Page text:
My name is pronounced ma-NAY-ka HAM-pol
I am an assistant professor in the Finance department at Yale School of Management.
My research focuses on topics at the intersection of household finance and labor economics. My work is supported by the NBER, the Russell Sage Foundation, the National Science Foundation, and the Peterson Foundation.
Prior to coming to Yale, I received a Ph.D. from Northwestern University, a Master's degree from University College London, and a Bachelor's degree from the University of Chicago.
This project is supported by grants from the National Bureau of Economic Research, the National Science Foundation, the Russell Sage Foundation, the Peter G. Peterson Foundation, and the Center for Financial Institutions at Kellogg School of Management
Seminars: Chicago Fed, McGill, Purdue, UIUC, Chicago Harris, Yale, MIT, HBS (Finance & Entrepreneurship), Wharton, Chicago Booth, UT Austin, LSE, LBS, Columbia Business School (Econ & Finance), Duke, WashU
Conferences: Conference on Economic Mobility 2023, Labor and Finance 2023, NBER SI 2023, EFA 2023, UNC Junior Finance Conference 2023, UNC Conference on Market-Based Solutions for Reducing Wealth Inequality 2023, SFS Cavalcade North America 2023, FMA Napa/Sonoma Conference 2023, Georgia Tech- Atlanta Fed Household Finance Conference 2023, Financial Research Association FRA 2022, CEPR European Conference on Household Finance 2022, IZA Workshop on Education Economics 2022, USC Marshall 2022 Finance Conference, ASSA 2021, Macro Finance Society 2021, Stanford Rising Scholars 2020
Awards: FMA Napa/Sonoma Best Paper Award 2023, AQR/HEC Top Finance Graduate Award 2023, Michael J. Barclay Young Scholar Award (FRA Conference) 2022, CEPR Best Student Paper in Household Finance 2022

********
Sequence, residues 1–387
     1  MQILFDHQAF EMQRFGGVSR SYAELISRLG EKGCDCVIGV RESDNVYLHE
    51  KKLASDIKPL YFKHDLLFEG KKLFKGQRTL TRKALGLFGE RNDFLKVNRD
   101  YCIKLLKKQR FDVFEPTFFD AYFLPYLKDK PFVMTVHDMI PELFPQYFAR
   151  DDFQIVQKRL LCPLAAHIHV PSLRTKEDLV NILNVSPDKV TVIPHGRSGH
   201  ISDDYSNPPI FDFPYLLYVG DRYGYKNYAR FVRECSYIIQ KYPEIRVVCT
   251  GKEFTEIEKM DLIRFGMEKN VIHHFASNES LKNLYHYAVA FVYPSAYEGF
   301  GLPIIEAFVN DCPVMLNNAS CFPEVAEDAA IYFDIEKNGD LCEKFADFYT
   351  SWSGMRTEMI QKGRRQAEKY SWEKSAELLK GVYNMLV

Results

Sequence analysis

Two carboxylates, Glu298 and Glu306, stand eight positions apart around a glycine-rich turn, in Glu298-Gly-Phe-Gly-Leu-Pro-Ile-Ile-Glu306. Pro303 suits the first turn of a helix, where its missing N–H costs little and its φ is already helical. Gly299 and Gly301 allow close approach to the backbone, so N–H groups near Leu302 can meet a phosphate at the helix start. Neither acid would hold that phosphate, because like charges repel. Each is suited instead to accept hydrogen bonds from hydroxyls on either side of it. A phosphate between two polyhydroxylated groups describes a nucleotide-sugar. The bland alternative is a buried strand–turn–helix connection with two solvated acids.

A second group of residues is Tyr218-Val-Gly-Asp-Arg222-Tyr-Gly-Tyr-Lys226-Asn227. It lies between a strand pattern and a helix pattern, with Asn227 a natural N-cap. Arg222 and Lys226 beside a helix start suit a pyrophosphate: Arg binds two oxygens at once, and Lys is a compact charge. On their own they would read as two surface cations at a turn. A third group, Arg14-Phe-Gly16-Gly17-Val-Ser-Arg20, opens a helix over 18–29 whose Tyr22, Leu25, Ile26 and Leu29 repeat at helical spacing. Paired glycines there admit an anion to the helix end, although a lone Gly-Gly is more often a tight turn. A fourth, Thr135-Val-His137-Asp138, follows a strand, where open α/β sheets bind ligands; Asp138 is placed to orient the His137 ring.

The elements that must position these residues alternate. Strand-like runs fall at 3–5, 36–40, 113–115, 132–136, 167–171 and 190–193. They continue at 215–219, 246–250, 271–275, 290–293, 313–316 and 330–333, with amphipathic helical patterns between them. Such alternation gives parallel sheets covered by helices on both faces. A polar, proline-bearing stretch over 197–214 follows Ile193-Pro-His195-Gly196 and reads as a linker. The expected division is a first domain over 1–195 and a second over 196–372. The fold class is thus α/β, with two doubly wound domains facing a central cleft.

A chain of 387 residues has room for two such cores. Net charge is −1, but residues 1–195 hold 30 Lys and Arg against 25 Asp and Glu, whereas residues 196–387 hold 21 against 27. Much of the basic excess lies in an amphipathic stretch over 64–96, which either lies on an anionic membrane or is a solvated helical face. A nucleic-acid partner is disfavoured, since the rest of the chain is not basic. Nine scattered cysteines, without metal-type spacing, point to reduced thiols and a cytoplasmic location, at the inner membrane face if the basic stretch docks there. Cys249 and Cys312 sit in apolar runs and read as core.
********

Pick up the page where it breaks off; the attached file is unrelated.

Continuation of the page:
How do financial frictions affect the type of human capital investments that students make in college? To study this question, I build a novel dataset covering more than 700,000 U.S. students, merging commencement records with address histories, credit bureau records, and professional resumes. I document that students trade-off initial earnings against lifetime earnings when choosing college majors, and that students from low-income families are more likely to choose majors associated with higher initial earnings but lower lifetime earnings. I provide causal estimates of how student debt affects this trade-off using the staggered implementation of Universal No-Loan Policies across 22 universities from 2001 to 2019. I find that students who are required to take on more student loans to finance their education choose majors with higher initial earnings but lower lifetime earnings. Furthermore, student debt differentially affects students depending on their family backgrounds: Students who grew up in low-income families display greater sensitivity to changes in student debt. Finally, I show that student debt leads to different job profiles and earnings later in life. Combined, these findings highlight the role of financial frictions in human capital investments and subsequent labor market trajectories.
Presentations: WAPFIN NYU Stern 2023, Chicago Booth Empirical Finance Conference 2023, ASSA 2023, AlpPop 2023, Stanford University, NBER Summer Institute 2022, ASSA 2021, IZA Workshop on Gender and Family Economics 2021
Awards: Best Paper Award for the Discrimination and Diversity Workshop University of East Anglia (2022), UniCredit Foundation Best Paper Award on Gender Economics (2021), Susan Schmidt Bies Prize for Doctoral Student Research on Economics and Public Policy (2019)
Women continue to be underrepresented in corporate leadership positions. This paper studies the role of social connections in women's career advancement. We investigate whether access to a larger share of female peers in business school affects the gender gap in senior managerial positions. Merging administrative data from a top-10 US business school with public LinkedIn profiles, we first document that female MBAs are 24 percent less likely than male MBAs to enter senior management within 15 years of graduation. Next, we use the random assignment of students into sections to show that a larger proportion of female MBA section peers increases the likelihood of entering senior management for women but not for men. This effect is driven by female-friendly firms, such as those with more generous maternity leave policies and greater work schedule flexibility. A larger proportion of female MBA peers induces women to transition to these firms where they attain senior management roles. We find suggestive evidence that some of the mechanisms behind these results include job referrals and gender-specific information transmission. These findings highlight the role of social connections in reducing the gender gap in senior management positions.